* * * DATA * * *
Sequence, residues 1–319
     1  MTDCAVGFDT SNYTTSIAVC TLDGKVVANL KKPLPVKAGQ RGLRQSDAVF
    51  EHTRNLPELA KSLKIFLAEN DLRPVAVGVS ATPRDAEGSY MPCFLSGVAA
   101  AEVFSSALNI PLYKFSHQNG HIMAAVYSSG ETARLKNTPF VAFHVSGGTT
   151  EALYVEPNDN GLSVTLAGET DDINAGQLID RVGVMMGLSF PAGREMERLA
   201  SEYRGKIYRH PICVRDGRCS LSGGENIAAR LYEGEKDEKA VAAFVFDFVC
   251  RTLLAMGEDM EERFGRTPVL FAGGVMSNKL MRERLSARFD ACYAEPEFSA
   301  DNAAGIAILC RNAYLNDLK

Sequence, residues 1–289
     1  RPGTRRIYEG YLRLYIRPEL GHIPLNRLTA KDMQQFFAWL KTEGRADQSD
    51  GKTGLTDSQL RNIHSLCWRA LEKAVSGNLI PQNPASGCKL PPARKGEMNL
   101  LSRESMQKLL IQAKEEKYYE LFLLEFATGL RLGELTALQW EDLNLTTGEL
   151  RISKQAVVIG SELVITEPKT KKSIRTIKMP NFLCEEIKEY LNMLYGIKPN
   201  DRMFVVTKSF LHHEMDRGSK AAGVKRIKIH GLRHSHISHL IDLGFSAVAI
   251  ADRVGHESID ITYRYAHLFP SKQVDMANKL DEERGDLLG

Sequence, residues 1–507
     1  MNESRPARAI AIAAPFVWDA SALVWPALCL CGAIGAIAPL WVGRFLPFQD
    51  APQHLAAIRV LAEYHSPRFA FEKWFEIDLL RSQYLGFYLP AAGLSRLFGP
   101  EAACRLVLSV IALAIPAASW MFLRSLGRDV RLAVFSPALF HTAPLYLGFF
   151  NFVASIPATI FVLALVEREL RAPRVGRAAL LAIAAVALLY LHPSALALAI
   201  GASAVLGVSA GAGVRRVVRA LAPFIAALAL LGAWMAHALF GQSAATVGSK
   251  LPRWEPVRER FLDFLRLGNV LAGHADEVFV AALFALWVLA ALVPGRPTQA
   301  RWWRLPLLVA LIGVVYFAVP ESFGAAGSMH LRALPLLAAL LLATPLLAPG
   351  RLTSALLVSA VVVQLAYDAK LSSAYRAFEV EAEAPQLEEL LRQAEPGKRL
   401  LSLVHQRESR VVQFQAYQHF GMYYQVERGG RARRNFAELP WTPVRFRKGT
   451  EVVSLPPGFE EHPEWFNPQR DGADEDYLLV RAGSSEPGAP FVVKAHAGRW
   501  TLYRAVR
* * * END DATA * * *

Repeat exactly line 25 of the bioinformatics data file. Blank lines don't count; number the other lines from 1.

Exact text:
   401  LSLVHQRESR VVQFQAYQHF GMYYQVERGG RARRNFAELP WTPVRFRKGT